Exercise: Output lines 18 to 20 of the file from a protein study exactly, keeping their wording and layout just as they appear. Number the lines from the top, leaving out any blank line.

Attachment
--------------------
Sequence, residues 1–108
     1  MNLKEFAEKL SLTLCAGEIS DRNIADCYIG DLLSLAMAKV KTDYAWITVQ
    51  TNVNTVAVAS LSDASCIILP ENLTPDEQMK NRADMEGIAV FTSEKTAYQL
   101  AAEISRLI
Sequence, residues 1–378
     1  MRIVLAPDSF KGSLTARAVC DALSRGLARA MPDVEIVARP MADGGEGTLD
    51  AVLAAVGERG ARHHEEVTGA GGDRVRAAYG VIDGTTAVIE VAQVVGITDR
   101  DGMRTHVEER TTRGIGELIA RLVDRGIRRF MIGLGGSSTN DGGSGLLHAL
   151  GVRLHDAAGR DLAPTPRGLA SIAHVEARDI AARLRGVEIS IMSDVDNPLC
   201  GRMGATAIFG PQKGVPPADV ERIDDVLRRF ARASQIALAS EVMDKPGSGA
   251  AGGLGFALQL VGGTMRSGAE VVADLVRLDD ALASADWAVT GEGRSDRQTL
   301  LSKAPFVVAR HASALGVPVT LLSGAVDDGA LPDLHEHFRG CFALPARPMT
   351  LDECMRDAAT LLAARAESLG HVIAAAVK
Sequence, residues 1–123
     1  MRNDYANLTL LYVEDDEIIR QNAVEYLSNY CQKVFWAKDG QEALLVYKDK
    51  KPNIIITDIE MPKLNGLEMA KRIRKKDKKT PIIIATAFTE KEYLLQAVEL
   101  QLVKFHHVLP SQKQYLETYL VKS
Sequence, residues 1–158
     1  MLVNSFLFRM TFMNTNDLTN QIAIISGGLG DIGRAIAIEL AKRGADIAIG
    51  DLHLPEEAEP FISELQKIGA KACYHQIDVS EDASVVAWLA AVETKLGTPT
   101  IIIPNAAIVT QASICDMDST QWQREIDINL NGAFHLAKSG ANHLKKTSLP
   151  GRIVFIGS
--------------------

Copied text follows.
Sequence, residues 1–158
     1  MLVNSFLFRM TFMNTNDLTN QIAIISGGLG DIGRAIAIEL AKRGADIAIG
    51  DLHLPEEAEP FISELQKIGA KACYHQIDVS EDASVVAWLA AVETKLGTPT